PARIS — More than 75,000 troops will take part later this month in the biggest joint military maneuvers ever staged by France and West Germany, officers from both countries said on Wednesday.
The war games, called "Bold Sparrow," will mark the first time that units based in France have crossed into West Germany in force for training.
About 20,000 men from France's Rapid Action Force, backed by airplanes, helicopters and armored vehicles, will join about 55,000 West Germans from the 2nd Army Corps, based in Ulm.
Gen. Paul Lardry, commander of the force, said the exercises are intended to show France's solidarity with West Germany and prove the force's ability to move long distances.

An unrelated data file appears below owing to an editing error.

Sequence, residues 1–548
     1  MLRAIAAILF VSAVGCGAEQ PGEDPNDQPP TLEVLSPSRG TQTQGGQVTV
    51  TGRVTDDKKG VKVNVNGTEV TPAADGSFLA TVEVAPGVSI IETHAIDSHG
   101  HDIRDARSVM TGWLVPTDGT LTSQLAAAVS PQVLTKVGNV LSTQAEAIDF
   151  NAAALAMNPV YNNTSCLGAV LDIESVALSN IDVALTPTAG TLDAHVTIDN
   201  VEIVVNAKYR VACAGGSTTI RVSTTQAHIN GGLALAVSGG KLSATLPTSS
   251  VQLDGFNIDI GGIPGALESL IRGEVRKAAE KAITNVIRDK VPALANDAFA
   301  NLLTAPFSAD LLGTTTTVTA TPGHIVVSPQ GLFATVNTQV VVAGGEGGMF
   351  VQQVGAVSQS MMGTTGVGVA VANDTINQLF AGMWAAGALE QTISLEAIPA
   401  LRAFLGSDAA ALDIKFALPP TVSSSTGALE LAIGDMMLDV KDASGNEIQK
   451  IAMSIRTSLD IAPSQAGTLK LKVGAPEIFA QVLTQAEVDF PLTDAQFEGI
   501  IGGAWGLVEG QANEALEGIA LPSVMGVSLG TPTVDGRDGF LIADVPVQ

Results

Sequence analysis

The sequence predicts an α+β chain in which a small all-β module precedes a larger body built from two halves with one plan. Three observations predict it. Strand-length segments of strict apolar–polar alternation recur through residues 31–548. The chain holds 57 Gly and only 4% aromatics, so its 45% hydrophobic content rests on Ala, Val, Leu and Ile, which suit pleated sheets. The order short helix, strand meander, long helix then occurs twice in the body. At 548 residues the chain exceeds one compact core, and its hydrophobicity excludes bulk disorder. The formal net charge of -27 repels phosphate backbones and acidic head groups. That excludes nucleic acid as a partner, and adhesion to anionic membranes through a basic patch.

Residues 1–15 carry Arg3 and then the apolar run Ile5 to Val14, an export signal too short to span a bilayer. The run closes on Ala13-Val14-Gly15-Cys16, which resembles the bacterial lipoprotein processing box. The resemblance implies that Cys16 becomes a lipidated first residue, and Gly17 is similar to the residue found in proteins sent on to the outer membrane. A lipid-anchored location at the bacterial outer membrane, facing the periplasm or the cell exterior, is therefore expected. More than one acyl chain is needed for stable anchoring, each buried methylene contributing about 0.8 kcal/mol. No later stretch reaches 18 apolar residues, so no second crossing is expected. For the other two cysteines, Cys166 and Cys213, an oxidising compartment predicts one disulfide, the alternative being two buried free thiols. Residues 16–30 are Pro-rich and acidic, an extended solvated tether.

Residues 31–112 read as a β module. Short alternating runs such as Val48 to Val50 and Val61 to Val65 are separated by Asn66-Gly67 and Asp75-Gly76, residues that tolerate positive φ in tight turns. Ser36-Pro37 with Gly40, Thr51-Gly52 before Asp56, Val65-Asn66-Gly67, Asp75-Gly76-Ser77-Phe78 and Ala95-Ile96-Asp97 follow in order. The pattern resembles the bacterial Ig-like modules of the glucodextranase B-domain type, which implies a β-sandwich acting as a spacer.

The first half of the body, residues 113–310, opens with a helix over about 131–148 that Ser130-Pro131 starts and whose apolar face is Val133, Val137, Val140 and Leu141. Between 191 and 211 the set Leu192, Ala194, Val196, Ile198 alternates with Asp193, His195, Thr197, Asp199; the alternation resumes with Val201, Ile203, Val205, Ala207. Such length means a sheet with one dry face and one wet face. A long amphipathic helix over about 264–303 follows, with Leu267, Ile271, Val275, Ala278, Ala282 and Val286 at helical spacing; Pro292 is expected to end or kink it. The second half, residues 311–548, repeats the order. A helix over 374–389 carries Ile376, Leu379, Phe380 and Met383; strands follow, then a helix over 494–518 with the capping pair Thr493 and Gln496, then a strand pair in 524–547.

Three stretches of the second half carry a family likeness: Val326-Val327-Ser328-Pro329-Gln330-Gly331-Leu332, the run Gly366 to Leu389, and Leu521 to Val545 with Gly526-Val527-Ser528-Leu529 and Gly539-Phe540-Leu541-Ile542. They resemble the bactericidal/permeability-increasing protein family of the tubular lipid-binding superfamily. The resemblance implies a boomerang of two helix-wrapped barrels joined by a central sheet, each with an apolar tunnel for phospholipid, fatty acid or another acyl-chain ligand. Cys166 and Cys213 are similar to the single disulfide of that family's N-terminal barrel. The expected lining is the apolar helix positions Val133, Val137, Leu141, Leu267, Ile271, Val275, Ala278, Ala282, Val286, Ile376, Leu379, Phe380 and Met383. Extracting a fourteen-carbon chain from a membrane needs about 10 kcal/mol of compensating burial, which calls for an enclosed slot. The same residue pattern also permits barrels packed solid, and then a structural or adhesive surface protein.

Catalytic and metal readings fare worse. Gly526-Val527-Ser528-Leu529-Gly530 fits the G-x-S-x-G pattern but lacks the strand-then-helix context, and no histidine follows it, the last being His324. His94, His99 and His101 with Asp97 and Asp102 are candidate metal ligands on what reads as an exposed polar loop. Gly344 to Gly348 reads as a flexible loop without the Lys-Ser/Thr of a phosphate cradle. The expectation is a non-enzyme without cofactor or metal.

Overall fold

Lardry and Lt. Gen. Werner Lange, commander of the 2nd Army Corps, spoke at a news conference at the force's Paris headquarters.
Experts say the exercises will mark a new step in the military rapprochement between France and Germany, who have fought three major wars in the last 120 years.
Chancellor Helmut Kohl has proposed a joint brigade, but the idea has been stalled by differences between the two countries in their nuclear arms policy and attitude toward the North Atlantic Treaty Organization alliance.
France has its own nuclear strike force, but West Germany is banned from having atomic weapons. France left NATO's integrated military structure in 1966, while West Germany is a full member.
Both generals stressed that the exercises are a bilateral matter and not organized with NATO.
Kohl and French President Francois Mitterrand will visit the maneuvers, which take place Sept. 17-27 in southern West Germany, around Stuttgart.